Nehemiah 9:16
But they and our fathers dealt proudly, and hardened their necks, and listened not to your commandments,
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EXPOSITORY (ENGLISH BIBLE)
(16) Dealt proudly.—Like the Egyptians themselves (Nehemiah 9:10). It is remarkable that the same word is used as in the Hebrew of Exodus 18:11 and Deuteronomy 1:43.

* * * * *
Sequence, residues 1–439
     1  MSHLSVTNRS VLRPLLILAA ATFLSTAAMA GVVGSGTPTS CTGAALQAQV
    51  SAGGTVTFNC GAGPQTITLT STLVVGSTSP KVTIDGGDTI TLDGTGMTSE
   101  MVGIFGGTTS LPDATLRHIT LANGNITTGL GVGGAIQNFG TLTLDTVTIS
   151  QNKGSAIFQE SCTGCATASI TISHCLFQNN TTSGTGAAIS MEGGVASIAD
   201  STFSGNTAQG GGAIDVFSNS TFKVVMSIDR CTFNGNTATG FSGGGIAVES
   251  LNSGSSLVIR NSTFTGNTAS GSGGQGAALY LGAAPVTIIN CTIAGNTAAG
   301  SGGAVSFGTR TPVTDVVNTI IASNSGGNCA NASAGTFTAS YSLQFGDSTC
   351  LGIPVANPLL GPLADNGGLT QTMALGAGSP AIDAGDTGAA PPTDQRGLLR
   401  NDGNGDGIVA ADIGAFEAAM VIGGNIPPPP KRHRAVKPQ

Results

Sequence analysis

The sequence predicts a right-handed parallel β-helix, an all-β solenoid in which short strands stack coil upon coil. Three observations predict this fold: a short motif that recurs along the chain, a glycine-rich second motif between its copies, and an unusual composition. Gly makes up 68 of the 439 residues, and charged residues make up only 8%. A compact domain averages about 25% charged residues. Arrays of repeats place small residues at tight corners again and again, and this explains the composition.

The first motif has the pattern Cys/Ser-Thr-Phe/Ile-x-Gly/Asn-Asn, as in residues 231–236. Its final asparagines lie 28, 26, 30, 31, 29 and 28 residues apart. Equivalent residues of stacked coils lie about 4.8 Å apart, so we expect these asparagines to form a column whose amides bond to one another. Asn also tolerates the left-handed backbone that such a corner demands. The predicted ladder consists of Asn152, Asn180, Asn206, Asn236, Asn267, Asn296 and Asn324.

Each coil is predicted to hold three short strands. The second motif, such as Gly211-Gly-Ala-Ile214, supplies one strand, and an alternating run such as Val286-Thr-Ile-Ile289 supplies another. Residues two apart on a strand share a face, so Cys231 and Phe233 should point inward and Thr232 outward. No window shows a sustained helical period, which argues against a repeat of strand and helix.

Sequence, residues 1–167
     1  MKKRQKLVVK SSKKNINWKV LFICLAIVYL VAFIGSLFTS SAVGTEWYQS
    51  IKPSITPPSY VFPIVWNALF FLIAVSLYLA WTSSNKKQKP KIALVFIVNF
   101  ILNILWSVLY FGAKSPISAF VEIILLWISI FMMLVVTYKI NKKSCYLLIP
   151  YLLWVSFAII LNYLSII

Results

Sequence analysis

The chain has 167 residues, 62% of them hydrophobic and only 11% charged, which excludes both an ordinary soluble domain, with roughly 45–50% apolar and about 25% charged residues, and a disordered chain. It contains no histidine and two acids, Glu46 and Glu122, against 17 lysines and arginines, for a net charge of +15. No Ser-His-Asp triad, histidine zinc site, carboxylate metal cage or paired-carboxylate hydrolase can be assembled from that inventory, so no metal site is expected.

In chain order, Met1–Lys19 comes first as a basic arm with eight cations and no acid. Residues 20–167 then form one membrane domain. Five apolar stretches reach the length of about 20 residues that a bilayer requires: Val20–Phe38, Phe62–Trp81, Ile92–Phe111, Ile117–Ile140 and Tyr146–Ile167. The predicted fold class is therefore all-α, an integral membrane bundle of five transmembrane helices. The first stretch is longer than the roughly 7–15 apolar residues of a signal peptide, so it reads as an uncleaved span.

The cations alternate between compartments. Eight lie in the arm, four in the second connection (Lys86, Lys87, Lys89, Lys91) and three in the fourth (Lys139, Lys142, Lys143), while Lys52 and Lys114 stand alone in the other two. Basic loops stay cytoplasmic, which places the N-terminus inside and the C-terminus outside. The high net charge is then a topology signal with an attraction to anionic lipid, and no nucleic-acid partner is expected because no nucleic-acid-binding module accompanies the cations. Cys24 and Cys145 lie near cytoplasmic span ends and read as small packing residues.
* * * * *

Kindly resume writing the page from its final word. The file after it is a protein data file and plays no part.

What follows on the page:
Nehemiah 9:16-17. But our fathers dealt proudly, &c. — Notwithstanding all thy singular and wonderful mercies, they sinned presumptuously, and with a high hand, scorning to submit their wills to thine. Having hitherto recounted God’s mercies toward them, with a view to aggravate their guilt, he now comes to confess their sins, in order that he might lead them to a sincere and ingenuous grief for them, not only on account of the sufferings which they had brought on themselves, but for the injury and indignity which they had offered to God; and refused to obey — Persisted in disobedience after many admonitions and invitations to repentance. And in their rebellion appointed a captain — That is, designed, purposed, and resolved to do so, (Numbers 14:4,) and therefore they are said to do it; as Abraham is said to have offered up Isaac, (Hebrews 11:17,) because he intended and attempted to do it.9:4-38 The summary of their prayers we have here upon record. Much more, no doubt, was said. Whatever ability we have to do any thing in the way of duty, we are to serve and glorify God according to the utmost of it. When confessing our sins, it is good to notice the mercies of God, that we may be the more humbled and ashamed. The dealings of the Lord showed his goodness and long-suffering, and the hardness of their hearts. The testimony of the prophets was the testimony of the Spirit in the prophets, and it was the Spirit of Christ in them. They spake as they were moved by the Holy Ghost, and what they said is to be received accordingly. The result was, wonder at the Lord's mercies, and the feeling that sin had brought them to their present state, from which nothing but unmerited love could rescue them. And is not their conduct a specimen of human nature? Let us study the history of our land, and our own history. Let us recollect our advantages from childhood, and ask what were our first returns? Let us frequently do so, that we may be kept humble, thankful, and watchful. Let all remember that pride and obstinacy are sins which ruin the soul. But it is often as hard to persuade the broken-hearted to hope, as formerly it was to bring them to fear. Is this thy case? Behold this sweet promise, A God ready to pardon! Instead of keeping away from God under a sense of unworthiness, let us come boldly to the throne of grace, that we may obtain mercy, and find grace to help in time of need. He is a God ready to pardon.The host of heaven worshippeth thee - i. e the angels. See 1 Kings 22:19; Psalm 103:21. 6-38. Thou, even thou, art Lord alone, &c.—In this solemn and impressive prayer, in which they make public confession of their sins, and deprecate the judgments due to the transgressions of their fathers, they begin with a profound adoration of God, whose supreme majesty and omnipotence is acknowledged in the creation, preservation, and government of all. Then they proceed to enumerate His mercies and distinguished favors to them as a nation, from the period of the call of their great ancestor and the gracious promise intimated to him in the divinely bestowed name of Abraham, a promise which implied that he was to be the Father of the faithful, the ancestor of the Messiah, and the honored individual in whose seed all the families of the earth should be blessed. Tracing in full and minute detail the signal instances of divine interposition for their deliverance and their interest—in their deliverance from Egyptian bondage—their miraculous passage through the Red Sea—the promulgation of His law—the forbearance and long-suffering shown them amid their frequent rebellions—the signal triumphs given them over their enemies—their happy settlement in the promised land—and all the extraordinary blessings, both in the form of temporal prosperity and of religious privilege, with which His paternal goodness had favored them above all other people, they charge themselves with making a miserable requital. They confess their numerous and determined acts of disobedience. They read, in the loss of their national independence and their long captivity, the severe punishment of their sins. They acknowledge that, in all heavy and continued judgments upon their nation, God had done right, but they had done wickedly. And in throwing themselves on His mercy, they express their purpose of entering into a national covenant, by which they pledge themselves to dutiful obedience in future. Notwithstanding all these singular and wonderful mercies; which he hitherto recounted to aggravate their sins, which he now comes to confess, and to lead them to a sincere and ingenuous grief and repentance for their sins, not only for the mischief which they brought upon themselves, but for the injury and indignity which they offered to God.